Toronto’s diversity is also a business asset. Amazon is thinking beyond North America to compete with Asia’s retail monsters, including China’s Alibaba and JD.com. (Amazon even considered buying India e-grocer BigBasket the week it acquired Whole Foods.)

As Amazon’s first of many international headquarters, Toronto would offer an abundance of culturally-diverse talent. These citizens could also give Amazon insights into other markets and continents it plans to conquer — while minimizing the risk of foreign expansion.

Compelling leadership: Prime Minister Justin Trudeau’s approach to governing Canada contrasts with the current U.S. administration’s style.

 

7. Justin Trudeau:

As former TD Bank president CEO Ed Clark declared, “The American dream hasn’t died; it just lives here in Canada.”

That’s because Canada’s progressive prime minister aligns with many principles that values-oriented millennial and Gen Z Amazon shoppers (and tech workers) desire, including diversity, openness, innovation, sustainability and corporate social responsibility. Plus he’s dreamy.


Reaching for the sky:
Toronto’s iconic CN Tower symbolizes the city’s lofty ambition to make its world-class tech scene even stronger.

8. Saucy humour:

Where else in the world will you find a giant phallic symbol (the CN Tower, above) or trade the American eagle for the equally-dignified beaver as a national animal?

Toronto’s long history of comedic brilliance, which produced such stars as Mike Myers, Jim Carrey and Martin Short, will keep Amazon employees laughing all year round. And happy workers are productive workers, so cha-ching!

9. Safest city by far:

The Economist Intelligence Unit just named Toronto the 4th safest city in the world after Tokyo, Singapore and Osaka — making Toronto the safest city in the Western hemisphere.

This significant announcement comes at a time when security is a profound strategic advantage to keep employees and assets safe, and reduce the risk of business disruption.[viii]

10. International respect:

Just announced: For the second consecutive year, Canada ranks 2nd in the world on the 2018 Best Countries list compiled by U.S. News in partnership with Wharton. (Switzerland ranks 1st.) The U.S. slipped to 8th place, proving Canada is an attractive, strong and worthy competitor.[xii]

The Bottom Line for Amazon HQ2:

It’s time to put the “eh” in Amazon.

For a strategically sound, safe and affordable source of productive employees who will delight shoppers (and accelerate Amazon’s global retail and tech domination), Toronto is where it’s at.

What do you think? Is Toronto ready for this retail tech jackpot — or is another city a better fit for Amazon HQ2?

 

If you like this article, you may also enjoy:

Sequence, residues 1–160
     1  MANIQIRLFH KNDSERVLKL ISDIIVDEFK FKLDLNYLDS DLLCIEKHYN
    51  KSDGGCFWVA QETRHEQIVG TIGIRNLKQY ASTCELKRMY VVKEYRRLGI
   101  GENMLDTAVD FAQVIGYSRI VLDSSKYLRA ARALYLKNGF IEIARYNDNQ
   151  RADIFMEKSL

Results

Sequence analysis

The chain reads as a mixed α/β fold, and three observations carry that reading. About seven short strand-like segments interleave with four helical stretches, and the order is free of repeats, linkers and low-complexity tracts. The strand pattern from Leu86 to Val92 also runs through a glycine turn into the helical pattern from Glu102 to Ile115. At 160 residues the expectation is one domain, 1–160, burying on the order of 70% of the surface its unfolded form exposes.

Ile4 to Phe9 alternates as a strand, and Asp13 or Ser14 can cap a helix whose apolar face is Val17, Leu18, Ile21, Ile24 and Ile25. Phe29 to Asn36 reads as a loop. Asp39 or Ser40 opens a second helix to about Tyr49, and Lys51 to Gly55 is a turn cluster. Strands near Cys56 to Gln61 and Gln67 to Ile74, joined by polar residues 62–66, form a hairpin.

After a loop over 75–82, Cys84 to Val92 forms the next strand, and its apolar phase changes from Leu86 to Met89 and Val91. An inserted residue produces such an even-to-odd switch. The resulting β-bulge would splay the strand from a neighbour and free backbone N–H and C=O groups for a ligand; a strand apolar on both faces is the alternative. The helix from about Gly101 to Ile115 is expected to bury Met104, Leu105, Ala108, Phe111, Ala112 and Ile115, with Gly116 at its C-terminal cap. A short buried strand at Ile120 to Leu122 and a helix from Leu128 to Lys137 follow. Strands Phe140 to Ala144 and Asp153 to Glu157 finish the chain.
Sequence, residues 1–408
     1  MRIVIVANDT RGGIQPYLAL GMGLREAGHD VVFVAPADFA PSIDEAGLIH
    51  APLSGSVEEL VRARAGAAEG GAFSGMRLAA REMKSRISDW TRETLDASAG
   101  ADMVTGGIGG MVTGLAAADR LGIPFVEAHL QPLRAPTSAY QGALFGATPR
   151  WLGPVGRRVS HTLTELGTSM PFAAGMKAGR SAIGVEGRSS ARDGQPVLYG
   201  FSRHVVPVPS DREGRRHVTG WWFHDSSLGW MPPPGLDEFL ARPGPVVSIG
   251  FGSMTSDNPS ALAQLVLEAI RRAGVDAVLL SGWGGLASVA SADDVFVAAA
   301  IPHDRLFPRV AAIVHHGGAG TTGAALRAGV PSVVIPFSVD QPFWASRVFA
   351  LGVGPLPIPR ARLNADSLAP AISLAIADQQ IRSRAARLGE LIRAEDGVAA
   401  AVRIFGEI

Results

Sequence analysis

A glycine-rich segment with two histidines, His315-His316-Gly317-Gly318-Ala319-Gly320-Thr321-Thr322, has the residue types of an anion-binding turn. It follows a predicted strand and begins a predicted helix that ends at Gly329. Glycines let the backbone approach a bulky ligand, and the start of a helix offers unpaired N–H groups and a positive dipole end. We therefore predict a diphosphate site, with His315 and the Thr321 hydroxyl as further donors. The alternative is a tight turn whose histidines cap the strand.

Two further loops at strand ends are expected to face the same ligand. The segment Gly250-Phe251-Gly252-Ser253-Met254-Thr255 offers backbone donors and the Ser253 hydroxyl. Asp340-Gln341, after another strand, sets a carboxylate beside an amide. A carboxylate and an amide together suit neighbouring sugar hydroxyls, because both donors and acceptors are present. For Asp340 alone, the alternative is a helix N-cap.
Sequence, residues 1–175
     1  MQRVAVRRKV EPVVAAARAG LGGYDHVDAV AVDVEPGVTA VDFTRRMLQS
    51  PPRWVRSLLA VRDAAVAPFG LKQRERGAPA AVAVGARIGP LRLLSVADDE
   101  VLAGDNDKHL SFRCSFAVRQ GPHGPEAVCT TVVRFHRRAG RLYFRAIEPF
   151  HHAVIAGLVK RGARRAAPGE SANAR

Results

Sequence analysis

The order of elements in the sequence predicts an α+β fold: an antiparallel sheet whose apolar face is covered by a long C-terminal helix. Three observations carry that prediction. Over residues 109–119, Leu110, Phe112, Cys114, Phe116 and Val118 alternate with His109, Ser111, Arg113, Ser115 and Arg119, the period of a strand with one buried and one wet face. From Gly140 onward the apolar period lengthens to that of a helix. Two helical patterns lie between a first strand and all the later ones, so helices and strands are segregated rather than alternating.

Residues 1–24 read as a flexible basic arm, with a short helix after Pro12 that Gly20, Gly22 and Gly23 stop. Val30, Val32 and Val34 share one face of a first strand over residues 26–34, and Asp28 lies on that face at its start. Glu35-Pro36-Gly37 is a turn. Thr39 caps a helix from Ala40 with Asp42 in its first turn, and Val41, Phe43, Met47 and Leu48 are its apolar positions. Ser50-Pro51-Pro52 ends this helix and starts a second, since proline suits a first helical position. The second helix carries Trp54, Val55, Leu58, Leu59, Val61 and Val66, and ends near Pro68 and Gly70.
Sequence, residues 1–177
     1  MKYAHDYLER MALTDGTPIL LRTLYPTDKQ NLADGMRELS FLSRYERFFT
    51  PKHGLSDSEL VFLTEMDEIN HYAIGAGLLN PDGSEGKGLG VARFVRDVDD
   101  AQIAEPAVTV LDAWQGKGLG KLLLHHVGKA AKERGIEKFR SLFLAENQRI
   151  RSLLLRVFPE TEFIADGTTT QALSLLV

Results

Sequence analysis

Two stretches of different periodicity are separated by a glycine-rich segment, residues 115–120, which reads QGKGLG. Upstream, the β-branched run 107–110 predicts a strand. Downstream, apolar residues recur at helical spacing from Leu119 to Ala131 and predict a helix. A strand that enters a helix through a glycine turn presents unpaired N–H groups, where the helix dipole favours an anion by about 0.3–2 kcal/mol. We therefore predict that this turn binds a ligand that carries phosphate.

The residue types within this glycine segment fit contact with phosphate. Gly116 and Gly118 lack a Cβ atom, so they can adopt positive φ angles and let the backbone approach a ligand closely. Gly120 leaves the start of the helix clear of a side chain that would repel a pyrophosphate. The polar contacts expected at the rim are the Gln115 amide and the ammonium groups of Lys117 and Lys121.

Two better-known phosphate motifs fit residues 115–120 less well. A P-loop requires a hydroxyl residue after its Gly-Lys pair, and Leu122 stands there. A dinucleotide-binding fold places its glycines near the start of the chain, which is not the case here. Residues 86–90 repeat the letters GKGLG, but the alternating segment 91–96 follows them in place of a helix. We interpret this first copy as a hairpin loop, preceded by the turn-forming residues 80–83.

5 Ways Amazon Will Rock Grocery
Why E-Commerce Giants are Getting Physical
Grocery E-Commerce Set to Surge

Lisa Goller
Lisa Goller is a marketing and communications professional with over 15 years of experience serving B2B, tech and retail companies. She helps businesses tell their story through irresistible content marketing and strategic communications.


Sources:

[i] Jackson, Brian. Tech talent in Toronto, Vancouver is top quality at budget rate: CBRE Report. IT World Canada. July 20, 2017.

[ii] Dingman, Shane. Toronto’s tech startup scene in a ‘blossom state.’ The Globe and Mail. February 14, 2016.

[iii] The Canadian Press. Amazon would save $1.5B a year in salaries if new HQ in Toronto area: Ed Clark. CBC News. October 18, 2017.

[iv] Cawley, Conor. The Case for Each of Amazon’s HQ2 Finalist Cities. TechCo. January 18, 2018.

[v] The Canadian Press. Ontario commits $30M for A.I. grads in bid to woo Amazon. CBC News. October 18, 2017.

[vi] Haavardsrud, Paul. ‘Trump has scared the bejesus out of everyone’: How Canada could win the Amazon sweepstakes. CBC News. September 23, 2017.

[vii] Green, Dennis. Canada just escalated the $5 billion war for Amazon’s second headquarters. Business Insider. September 25, 2017.

[viii] Jackson, Brian. Tech talent in Toronto, Vancouver is top quality at budget rate: CBRE Report. IT World Canada. July 20, 2017.

[ix] Statistical Summary of Ontario Agriculture. Ontario Ministry of Agriculture Food and Rural Affairs. June 5, 2017.

[x] Flack, Derek. Toronto named most diverse city in the world. blogTO. May 15, 2016.

[xi] Bennet, Bailey. These Are the Safest Cities to Live in Around the World. Travel + Leisure. October 12, 2017.

[xii] Drew, Kevin. America Slips in the Eyes of the World. U.S. News. January 23, 2018.